For the first time in medical history, researchers used biological cells from the human body to print a working 3D heart. The most recent advancement in the field of regenerative medicine comes from an Israeli team that was able to “print” the world’s first vascularized synthetic heart utilizing human cells and biological materials as the “bioink” for the 3D printer.
A team of researchers from Tel Aviv University (TAU) in Israel has revealed the first three-dimensional vascularized synthetic heart in an official research report published in the Advanced Science magazine. Even though medical researchers have printed rudimentary tissues without blood vessels, TAU researchers were able to build a heart complete with cells, blood vessels, and other functional features.
This is the first time anyone anywhere has successfully created and printed an entire heart replete with cells, blood veins, ventricles, and chambers, said Professor Tal Dvir, the head of the research and a professor at TAU’s School of Molecular Cell Biology and Biotechnology.
When it comes to “printing” the heart, it was done by extracting fatty tissues from patients and separating their cellular and a-cellular components. The retrieved cells were reprogrammed to become pluripotent stem cells, which can differentiate into some cell types to build a functional heart. Non-cellular materials, such as glycoproteins and collagen, were transformed into “bioink” for printers. The researchers were able to print complicated tissues such as cardiac patches, which contributed to the fabrication of an artificial human heart, by combining these materials.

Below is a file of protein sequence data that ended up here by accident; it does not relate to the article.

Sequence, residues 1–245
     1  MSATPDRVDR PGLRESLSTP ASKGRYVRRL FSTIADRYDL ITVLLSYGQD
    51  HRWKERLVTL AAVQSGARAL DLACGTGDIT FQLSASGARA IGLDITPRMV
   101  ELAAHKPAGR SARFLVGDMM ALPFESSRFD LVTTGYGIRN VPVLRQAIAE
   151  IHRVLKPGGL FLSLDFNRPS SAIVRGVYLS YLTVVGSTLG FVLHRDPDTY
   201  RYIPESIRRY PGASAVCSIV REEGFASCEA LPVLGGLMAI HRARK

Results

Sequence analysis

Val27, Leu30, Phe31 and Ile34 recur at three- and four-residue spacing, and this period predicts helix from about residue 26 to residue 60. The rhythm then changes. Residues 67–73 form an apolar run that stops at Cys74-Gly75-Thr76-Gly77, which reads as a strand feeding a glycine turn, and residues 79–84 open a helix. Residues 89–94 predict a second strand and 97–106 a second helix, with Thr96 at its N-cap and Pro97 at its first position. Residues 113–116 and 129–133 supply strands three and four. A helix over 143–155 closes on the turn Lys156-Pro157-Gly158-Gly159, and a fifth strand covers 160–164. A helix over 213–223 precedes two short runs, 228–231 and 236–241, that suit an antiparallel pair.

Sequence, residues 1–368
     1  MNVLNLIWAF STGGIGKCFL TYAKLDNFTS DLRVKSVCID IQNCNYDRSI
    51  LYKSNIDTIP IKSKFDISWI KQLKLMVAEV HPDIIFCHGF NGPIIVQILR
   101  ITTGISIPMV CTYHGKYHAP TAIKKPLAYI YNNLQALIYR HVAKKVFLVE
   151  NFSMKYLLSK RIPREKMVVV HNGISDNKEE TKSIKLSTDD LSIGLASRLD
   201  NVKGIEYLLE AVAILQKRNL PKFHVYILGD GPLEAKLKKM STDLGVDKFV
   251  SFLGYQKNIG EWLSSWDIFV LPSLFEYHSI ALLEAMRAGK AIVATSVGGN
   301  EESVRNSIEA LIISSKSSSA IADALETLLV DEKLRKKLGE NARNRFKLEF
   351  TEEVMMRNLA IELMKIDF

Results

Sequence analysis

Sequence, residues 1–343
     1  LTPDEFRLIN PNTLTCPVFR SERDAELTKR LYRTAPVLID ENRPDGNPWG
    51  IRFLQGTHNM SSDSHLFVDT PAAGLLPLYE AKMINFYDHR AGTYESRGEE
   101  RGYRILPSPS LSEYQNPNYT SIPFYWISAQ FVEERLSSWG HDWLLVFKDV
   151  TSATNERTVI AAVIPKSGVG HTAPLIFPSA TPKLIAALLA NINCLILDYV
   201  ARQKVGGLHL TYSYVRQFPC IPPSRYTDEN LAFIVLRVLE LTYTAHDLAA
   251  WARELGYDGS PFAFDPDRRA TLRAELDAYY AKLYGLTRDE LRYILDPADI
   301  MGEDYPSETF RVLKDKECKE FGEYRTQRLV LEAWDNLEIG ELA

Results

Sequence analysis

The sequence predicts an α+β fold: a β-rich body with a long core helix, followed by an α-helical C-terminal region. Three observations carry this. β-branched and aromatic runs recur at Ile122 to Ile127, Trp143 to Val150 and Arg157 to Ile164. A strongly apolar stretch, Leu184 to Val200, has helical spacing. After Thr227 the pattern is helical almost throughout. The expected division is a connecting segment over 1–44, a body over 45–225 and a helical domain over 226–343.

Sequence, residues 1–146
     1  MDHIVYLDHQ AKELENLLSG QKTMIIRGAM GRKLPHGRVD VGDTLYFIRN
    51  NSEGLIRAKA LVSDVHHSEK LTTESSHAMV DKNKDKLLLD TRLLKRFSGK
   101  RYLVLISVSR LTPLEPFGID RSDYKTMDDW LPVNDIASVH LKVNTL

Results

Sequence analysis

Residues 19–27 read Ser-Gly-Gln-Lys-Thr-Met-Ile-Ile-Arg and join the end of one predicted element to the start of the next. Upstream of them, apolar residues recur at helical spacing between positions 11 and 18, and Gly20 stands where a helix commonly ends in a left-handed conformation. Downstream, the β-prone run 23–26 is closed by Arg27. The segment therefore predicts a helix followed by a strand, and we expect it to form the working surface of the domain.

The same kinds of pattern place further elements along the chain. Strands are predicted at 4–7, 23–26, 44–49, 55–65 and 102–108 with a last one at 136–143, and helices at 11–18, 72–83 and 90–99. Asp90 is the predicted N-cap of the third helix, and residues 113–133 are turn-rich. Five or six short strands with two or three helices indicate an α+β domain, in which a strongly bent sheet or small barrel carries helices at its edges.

While this is an important and noteworthy accomplishment, you should be aware that there is still much more to be accomplished. This heart, for example, is extremely little, and researchers must continue to nurture the “printed” hearts in the lab, “training them to behave” like human hearts. They will also evaluate the capabilities of the 3D-printed hearts by implanting them into animal models.
Prof. Dvir believes that in the next decade, the best institutions throughout the world will have organ printers to support transplants without organ donors. Patients will no longer have to rely on donors if any of their internal organs fail to work.